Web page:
Which is the best processor for a laptop?
The range of CPUs on offer can seem bewildering, but don’t sweat it. Unless you really know what you’re doing, you don’t to worry too much about the differences between the two main brands. These are AMD and Intel, and they both make roughly similar versions of one another’s CPUs.
What’s the difference between AMD and Intel?
Intel’s most popular range is called Core series. These include the affordable Core i3, the mid-range Core i5, the high-end Core i7, and the specialist Core i9. The bigger the number, the faster the processor. For most users, the Core i3 is more than enough power. For gaming and processor-intensive tasks such as rendering large files and video editing, the Core i5 or Core i7 can be a useful upgrade.
Mirroring this, AMD has the Ryzen range. These include the Ryzen 3, Ryzen 5, Ryzen 7, and Ryzen 9 processors. They’ll offer similar levels of performance to their Intel counterparts, and while the underlying hardware is different you’ll notice no difference in how your laptop actually functions.
Apple MacBooks are another kettle of fish entirely. Until recently Apple used Intel processors, before it upgraded its entire range to Apple’s own M1 and M2 CPUs. These are least a little easier to think about: M2 is faster than M1.
What does generation mean in processors?
As newer processors are always improving, these four simple tiers don’t change in number. They’ll always refer to the most and least powerful processors each CPU brand manufactures. What changes are the digits following the CPU name, with the first two digits referring to the CPU’s generation.
For instance, the Intel Core i5-1135 is an 11th-generation Intel processor. The AMD Ryzen 5 5600 is a fifth generation AMD processor. The higher the generation, the more recently the CPU was developed and the faster it is. Intel is currently on its 12th generation processors, while AMD is on its sixth.
What is Celeron?
There are other Intel CPUs on the market, such as the Celeron series. Celeron is designed to be super affordable and low-end, for users that really don’t need much processing power. You’ll find them in budget laptops.
How much RAM does a laptop need?
The average user needs 8GB of RAM (or memory). RAM is storage that your laptop is constantly using to juggle data, so it’s essentially a measure of how many things your device can do at once before it starts to slow down. This gives you enough memory to load Windows smoothly, and run a few demanding apps.
As software becomes more complex, it starts to demand more memory. Though, 8GB should future-proof your laptop against this for a few years to come. If your current laptop already has 8GB of RAM and you’re experiencing slow-down, consider stepping up to 16GB.
MacBooks work a little differently. Because the M1 or M2 chip is handling a lot of the data-juggling itself, the device needs less dedicated RAM, which means your 8GB goes a little further than it does on a Windows laptop.
What is the best laptop to buy?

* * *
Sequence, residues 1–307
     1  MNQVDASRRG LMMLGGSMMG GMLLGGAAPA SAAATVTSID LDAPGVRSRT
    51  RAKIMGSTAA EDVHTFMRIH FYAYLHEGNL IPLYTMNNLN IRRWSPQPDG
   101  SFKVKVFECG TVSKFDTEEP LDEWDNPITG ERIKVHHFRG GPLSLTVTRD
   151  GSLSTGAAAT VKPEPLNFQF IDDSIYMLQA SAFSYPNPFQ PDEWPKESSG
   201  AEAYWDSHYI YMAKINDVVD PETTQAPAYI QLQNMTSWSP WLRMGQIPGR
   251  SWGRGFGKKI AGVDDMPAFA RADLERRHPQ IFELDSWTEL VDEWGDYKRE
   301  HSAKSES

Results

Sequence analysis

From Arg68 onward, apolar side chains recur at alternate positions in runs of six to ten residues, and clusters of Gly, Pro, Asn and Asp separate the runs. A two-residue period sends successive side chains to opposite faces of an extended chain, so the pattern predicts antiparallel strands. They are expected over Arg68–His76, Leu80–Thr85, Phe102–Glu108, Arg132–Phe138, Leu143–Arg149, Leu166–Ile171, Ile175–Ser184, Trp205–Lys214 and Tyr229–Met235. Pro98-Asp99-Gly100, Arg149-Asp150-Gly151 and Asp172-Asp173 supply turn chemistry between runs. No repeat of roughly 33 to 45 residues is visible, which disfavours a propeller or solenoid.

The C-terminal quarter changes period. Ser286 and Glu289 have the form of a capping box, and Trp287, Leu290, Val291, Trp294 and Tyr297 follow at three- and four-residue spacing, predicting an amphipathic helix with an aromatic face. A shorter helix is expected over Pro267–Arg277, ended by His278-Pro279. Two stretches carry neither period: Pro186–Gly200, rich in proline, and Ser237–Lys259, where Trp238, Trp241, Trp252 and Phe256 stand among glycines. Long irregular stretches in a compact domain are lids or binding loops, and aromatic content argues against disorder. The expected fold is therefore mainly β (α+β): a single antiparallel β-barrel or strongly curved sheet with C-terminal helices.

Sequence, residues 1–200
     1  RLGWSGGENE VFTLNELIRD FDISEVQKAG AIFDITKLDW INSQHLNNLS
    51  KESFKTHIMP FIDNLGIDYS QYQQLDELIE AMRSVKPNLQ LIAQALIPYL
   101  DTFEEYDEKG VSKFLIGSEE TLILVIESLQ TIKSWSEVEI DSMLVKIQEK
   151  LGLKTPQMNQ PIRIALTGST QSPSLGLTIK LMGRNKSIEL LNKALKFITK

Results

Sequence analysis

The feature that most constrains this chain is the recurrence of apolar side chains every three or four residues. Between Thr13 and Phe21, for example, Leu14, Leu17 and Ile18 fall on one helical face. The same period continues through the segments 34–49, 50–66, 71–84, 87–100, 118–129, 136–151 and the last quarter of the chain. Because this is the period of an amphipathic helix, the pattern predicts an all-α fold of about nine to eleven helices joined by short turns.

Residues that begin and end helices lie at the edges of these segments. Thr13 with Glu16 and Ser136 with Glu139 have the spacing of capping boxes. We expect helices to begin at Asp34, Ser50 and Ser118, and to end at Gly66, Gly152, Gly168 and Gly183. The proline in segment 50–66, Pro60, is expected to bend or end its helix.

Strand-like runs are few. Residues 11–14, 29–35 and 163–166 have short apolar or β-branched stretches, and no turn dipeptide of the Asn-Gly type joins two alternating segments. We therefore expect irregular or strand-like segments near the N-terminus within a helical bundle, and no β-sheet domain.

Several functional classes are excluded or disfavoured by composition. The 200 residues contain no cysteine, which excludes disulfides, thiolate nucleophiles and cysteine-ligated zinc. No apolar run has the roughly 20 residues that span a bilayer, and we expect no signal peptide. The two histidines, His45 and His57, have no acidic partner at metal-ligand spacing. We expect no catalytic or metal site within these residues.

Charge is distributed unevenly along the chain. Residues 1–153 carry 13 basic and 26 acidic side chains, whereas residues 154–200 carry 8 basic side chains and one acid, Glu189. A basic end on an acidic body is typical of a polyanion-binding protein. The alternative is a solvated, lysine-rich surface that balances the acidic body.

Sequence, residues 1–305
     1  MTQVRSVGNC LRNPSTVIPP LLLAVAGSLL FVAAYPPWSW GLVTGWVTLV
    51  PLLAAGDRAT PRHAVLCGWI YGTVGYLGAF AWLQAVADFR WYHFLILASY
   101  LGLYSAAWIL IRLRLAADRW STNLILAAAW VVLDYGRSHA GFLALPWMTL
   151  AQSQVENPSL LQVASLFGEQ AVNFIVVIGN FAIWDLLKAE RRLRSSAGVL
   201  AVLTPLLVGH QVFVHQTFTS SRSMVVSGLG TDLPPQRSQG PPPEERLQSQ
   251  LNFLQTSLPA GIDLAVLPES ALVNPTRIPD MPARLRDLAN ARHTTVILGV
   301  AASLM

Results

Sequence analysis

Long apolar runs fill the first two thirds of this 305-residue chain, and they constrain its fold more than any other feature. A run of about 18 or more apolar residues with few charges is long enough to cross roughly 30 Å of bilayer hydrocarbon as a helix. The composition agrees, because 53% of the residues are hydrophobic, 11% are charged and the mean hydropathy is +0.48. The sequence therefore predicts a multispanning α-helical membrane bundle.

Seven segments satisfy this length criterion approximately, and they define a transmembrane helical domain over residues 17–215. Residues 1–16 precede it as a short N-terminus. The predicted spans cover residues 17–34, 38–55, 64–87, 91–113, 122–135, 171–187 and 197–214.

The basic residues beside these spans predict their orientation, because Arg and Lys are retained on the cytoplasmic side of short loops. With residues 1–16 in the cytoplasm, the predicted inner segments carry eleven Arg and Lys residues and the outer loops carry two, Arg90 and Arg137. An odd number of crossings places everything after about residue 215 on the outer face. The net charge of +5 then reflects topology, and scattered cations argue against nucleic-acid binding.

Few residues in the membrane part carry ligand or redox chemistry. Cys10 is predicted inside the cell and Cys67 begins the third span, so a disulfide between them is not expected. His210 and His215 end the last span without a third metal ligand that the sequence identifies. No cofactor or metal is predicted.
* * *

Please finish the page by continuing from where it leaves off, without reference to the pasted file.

There is no single best laptop we can recommend. Rather, the best laptop to buy is the one that meets your needs.
Like all electronics, laptops become obsolete over time, so there are diminishing returns when you invest in the most expensive, high-spec and powerful devices. Instead, consider what you might use your laptop for – will it be for gaming, emailing, spreadsheets or photo editing. And also where you might want to use it – at a desk, on a train, on the sofa – and choose a laptop that fits those criteria.
Check out our laptop buying guide for helpful advice on choosing a laptop that suits your needs.
What is the difference between a Chromebook and a laptop?
Most laptops use Microsoft’s Windows operating system, while MacBooks use Apple’s macOS operating system.
Chromebooks are different. They run on Chrome OS, an operating system designed by Google. Anyone can license this operating system, so you’ll see Chromebooks manufactured by a wide range of brands and available in various styles.
Google’s operating system doesn’t run traditional desktop programs. Instead, it behaves more like the Chrome web browser, using online apps such as Google Docs and some Android apps.
This sounds limiting – and for most users, it is – but there are upsides. Because most of the processing is happening over the internet, Chromebooks don’t need to be so powerful. This means they generally have a longer battery life, are much cheaper, far more secure and boot up faster than regular laptops.
If you do most of your work inside a browser, a Chromebook makes sense. Designed to showcase what a Chromebook is capable of, the Pixelbook go (£629, Google.com) is our recommended laptop in this category.
The verdict: Laptops
If you’re looking for a high-performance, do-it-all Windows machine that can run rings around most desktop computers, the Dell XPS 15 is your laptop. For gaming, our pick is the Razer Blade 15. It will break the bank, but it’s worth every penny. Consider shopping for older models or the smaller Razer Blade 14 if you can’t stomach the price tag.
Most shoppers won’t need that much power, so we’d recommend the Lenovo yoga slim 7 for those who want a laptop that can handle everyday tasks without leaving a giant hole in your bank account. Apple users have an easier choice, but the latest 2021 model of the MacBook pro 14in is our favourite Apple laptop right now.
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